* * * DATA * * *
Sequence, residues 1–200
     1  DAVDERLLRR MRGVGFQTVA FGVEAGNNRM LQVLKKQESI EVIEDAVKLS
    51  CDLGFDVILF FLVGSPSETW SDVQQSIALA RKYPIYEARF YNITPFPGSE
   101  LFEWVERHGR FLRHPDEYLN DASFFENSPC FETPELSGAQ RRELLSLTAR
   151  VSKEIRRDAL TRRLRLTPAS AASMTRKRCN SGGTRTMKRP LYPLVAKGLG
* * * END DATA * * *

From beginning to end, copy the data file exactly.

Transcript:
Sequence, residues 1–200
     1  DAVDERLLRR MRGVGFQTVA FGVEAGNNRM LQVLKKQESI EVIEDAVKLS
    51  CDLGFDVILF FLVGSPSETW SDVQQSIALA RKYPIYEARF YNITPFPGSE
   101  LFEWVERHGR FLRHPDEYLN DASFFENSPC FETPELSGAQ RRELLSLTAR
   151  VSKEIRRDAL TRRLRLTPAS AASMTRKRCN SGGTRTMKRP LYPLVAKGLG